Natural gas in storage fell 151 billion cubic feet in the January 6 week to 3,160 bcf. Although weekly declines are the norm in the current drawdown phase of the annual cycle, the larger than average decline put stocks 10.3 percent below the year ago level and 0.1 percent below the 5-year average. Gas in storage remains within the 5-year historical range, however.
The Energy Information Administration (EIA) provides weekly information on natural gas stocks in underground storage for the U.S. and three regions of the country. The level of inventories helps determine prices for natural gas products.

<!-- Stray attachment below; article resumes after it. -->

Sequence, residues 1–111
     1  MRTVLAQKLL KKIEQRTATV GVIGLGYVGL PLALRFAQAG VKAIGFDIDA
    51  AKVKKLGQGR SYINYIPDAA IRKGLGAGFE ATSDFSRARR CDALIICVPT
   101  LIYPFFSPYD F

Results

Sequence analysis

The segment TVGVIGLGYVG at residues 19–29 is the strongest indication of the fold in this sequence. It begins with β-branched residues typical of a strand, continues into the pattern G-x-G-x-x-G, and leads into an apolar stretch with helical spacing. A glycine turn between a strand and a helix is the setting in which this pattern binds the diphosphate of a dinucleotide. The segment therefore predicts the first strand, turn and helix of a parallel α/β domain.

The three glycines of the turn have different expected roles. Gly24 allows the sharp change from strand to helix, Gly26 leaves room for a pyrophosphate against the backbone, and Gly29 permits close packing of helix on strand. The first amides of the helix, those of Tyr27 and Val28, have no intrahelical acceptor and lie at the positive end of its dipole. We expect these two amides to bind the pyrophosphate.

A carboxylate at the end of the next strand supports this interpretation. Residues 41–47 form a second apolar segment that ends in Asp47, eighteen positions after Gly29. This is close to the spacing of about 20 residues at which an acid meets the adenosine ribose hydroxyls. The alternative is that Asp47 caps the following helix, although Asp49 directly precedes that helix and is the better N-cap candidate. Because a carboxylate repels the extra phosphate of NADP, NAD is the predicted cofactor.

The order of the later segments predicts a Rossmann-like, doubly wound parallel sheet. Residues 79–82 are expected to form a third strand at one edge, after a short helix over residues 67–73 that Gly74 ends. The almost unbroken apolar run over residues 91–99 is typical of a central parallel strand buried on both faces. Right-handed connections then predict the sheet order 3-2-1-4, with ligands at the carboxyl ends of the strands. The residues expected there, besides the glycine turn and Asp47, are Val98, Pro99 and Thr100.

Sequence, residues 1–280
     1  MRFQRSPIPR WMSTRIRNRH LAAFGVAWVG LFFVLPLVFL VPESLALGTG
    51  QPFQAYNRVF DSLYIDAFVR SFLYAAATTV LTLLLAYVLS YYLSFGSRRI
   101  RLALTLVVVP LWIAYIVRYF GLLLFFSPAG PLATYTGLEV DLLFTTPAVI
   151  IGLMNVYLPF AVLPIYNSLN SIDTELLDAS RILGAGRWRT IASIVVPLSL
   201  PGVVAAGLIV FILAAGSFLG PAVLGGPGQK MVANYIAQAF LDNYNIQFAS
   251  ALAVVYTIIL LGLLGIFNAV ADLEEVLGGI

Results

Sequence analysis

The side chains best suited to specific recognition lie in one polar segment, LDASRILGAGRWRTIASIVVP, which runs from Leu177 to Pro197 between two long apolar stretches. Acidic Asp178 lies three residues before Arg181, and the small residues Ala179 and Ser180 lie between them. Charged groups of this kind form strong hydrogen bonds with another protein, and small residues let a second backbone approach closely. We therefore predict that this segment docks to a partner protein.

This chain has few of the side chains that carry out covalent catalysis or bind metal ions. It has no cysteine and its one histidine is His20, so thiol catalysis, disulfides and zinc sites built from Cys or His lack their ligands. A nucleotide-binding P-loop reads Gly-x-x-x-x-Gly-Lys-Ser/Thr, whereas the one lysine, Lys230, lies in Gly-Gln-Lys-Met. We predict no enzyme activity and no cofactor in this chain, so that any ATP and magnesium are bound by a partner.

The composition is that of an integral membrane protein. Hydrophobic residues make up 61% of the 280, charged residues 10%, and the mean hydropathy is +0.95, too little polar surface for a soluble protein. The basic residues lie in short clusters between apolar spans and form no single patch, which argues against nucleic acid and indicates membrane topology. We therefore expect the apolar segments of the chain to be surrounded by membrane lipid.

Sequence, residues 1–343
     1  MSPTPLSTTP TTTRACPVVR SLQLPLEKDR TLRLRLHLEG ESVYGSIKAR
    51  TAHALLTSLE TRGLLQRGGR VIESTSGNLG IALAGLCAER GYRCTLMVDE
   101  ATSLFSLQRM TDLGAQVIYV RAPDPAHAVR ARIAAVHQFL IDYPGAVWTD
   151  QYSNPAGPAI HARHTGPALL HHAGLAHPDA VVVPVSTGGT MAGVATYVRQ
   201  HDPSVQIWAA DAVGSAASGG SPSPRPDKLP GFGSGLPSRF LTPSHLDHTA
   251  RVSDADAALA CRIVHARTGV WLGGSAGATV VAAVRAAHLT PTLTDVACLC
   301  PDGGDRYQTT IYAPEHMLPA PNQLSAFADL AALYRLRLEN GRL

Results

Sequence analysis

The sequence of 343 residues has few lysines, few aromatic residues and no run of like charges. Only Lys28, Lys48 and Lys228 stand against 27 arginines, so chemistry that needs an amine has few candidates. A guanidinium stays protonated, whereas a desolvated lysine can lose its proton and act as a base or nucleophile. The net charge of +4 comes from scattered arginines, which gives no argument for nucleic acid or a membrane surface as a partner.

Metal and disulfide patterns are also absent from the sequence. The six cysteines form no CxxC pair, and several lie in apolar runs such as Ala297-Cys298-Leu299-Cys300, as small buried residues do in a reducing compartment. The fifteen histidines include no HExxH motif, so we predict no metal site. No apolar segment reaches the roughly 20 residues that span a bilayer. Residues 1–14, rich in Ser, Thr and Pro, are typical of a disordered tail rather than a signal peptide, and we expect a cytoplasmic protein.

Natural gas product prices are determined by supply and demand - just like any other good and service. During periods of strong economic growth, one would expect demand to be robust. If inventories are low, this will lead to increases in natural gas. If inventories are high and rising in a period of strong demand, prices may not need to increase at all, or as much. During a period of sluggish economic activity, demand for natural gas may not be as strong. If inventories are rising, this may push down oil prices.